The next week came, and I brought my CD to the class that we were both attending. We had a brief conversation as I made the hand-off, and then that was pretty much that. The Illustrious Mr. A was headed out of town for a holiday-weekend-road trip, and was looking forward to listening to the CD while on the road.

Imagine my dismay when, that evening I turned on my CD player to find that very CD NOT in his car, but in MY BEDROOM! Horrors! As I scanned my brain, looking for the reason, I remembered taking the CD out of the case the previous weekend. I had determined that if I was going to lend it out, I had better get my fill of listening to it before then. Apparently, I'd forgotten to replace it in the CD case, and at that very moment, The Illustrious Mr. A. was headed down a freeway, with an empty CD case in hand.

I quickly called the only phone number I had for him, and learned from his roommate that he was, in fact, gone for several days. I told the roommate of my blunder, and asked him to make my apologies to The Illustrious Mr. A for me. I'm reasonably certain that that message was never passed on.

A week or so went buy. At that point, The Illustrious Mr. A had been home from his trip for a few days, but I didn't hear from him. I worried that he was frustrated with me, but even more, I worried that his friend (who tended to be very prone to tease) would see my blunder as one of those tricks that conniving women will often use to ensnare innocent young men, and that he would tease me about it. As it turns out, I was wrong in my first worry, and dead right in my second.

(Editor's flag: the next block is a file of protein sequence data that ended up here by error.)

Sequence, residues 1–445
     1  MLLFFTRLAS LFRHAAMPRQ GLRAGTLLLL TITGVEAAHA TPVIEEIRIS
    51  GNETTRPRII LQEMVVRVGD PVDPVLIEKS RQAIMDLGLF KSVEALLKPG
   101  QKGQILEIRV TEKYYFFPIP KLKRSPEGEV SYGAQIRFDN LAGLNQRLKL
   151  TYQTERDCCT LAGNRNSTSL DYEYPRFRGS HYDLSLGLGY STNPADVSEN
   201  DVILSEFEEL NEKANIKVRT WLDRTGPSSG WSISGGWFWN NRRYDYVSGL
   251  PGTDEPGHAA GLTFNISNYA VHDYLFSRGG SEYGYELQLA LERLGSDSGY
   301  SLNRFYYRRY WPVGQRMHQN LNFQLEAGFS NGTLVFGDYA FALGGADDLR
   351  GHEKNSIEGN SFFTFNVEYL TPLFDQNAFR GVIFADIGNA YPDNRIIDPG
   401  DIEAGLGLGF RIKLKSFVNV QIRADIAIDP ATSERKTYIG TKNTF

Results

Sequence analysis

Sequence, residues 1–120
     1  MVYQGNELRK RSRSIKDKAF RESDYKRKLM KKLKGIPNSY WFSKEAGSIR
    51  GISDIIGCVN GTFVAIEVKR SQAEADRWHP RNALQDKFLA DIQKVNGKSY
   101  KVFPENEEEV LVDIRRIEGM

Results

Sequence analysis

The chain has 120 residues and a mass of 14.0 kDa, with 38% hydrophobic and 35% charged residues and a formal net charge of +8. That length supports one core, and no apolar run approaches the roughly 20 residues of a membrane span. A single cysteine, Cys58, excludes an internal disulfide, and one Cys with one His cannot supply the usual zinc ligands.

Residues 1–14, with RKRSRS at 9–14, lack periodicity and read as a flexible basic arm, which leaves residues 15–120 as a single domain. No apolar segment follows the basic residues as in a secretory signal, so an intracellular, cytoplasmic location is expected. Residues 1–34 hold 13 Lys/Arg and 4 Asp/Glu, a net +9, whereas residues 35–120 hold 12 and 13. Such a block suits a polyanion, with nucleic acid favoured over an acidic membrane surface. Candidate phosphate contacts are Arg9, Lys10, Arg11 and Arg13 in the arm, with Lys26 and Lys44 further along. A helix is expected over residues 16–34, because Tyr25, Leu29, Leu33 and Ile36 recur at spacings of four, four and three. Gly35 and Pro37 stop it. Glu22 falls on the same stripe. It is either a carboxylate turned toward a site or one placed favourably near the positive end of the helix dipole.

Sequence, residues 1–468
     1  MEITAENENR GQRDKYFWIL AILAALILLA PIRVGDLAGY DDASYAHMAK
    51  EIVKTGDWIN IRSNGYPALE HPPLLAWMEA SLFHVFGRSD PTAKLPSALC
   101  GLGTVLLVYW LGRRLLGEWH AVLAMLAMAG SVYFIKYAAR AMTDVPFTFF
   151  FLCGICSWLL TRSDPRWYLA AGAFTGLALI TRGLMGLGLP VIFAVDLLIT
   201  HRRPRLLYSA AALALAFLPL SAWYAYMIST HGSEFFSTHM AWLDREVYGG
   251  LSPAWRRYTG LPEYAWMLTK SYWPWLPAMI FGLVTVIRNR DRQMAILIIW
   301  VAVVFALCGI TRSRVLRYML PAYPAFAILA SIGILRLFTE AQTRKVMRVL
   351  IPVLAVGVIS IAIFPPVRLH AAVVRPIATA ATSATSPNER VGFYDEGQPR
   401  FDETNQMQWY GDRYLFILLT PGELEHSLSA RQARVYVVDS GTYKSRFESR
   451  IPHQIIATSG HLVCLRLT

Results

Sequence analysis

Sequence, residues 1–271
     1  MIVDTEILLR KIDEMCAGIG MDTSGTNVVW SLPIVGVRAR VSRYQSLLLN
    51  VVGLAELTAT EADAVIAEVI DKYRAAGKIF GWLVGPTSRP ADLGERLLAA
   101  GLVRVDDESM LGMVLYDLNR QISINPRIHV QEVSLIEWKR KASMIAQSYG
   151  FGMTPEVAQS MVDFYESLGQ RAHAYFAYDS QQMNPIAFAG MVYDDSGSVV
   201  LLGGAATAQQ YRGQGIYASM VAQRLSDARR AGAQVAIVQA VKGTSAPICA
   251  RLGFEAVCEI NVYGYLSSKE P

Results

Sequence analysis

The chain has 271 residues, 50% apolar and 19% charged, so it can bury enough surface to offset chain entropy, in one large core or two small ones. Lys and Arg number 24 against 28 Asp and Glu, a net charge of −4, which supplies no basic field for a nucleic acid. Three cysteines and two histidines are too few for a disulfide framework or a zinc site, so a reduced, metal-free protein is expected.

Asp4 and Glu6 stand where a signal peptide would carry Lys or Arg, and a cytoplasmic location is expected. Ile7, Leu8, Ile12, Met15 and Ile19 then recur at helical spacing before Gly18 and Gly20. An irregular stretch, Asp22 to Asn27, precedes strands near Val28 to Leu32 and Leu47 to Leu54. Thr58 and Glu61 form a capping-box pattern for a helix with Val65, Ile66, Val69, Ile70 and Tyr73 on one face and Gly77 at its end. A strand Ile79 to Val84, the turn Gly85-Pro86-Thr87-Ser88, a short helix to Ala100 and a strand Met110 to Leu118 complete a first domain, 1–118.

And now we come to the exciting climax of our little story. One day, I was home alone, doing whatever it is that I was into at the time and the phone rang. I answered it and heard The Illustrious Mr. A. on the other line. Our conversation went something like this:




Me: Hello?

TIMA: Hi, Charlotte?

Me: Yes?

TIMA: This is The Illustrious Mr. A.

Me (a little self consciously): Oh, hi.

TIMA: Hi. Hey, that CD you gave me didn't actually have a CD in the case.

Me: Yeah, sorry about that. That was kind of an accident. I have the CD here, and I'll be happy to get it to you.

TIMA: Oh, that would be great. What if we met for lunch on Saturday? I could pick it up from you then.

Me (obviously completely missing the point of this whole conversation, still thinking that we are trying to exchange a CD, feeling bad about my earlier mistake, and wanting to make it up to The Illustrious Mr. A.): Yeah, that would be fine . . . or, actually, I could just get it to you at [one of our mutual friend's] birthday party Saturday night, if that would be easier.

TIMA (slowly, with confusion and crestfallen-ness): Oh . . . well, that would be fine too.

Me (realizing in a flash the GIGANTIC tactical error that I have just made): Or, actually, I think lunch might be a better idea, you know?

TIMA (relieved): Yes, that would be great. Shall we say one o'clock?

Me: Sure. I'll see you then.

TIMA: Okay, see you then.



And that's more or less the end of the story. The Illustrious Mr. A came and picked me up that Saturday, and we had a really nice lunch. It was the first time I'd been able to talk with him for more than 10 minutes at a time, and I found him to be interesting, witty, humorous, and an all-around good date. He must have enjoyed my company at least somewhat as well, because we ended up going out several more times after that, and I thoroughly enjoyed the time we spent together.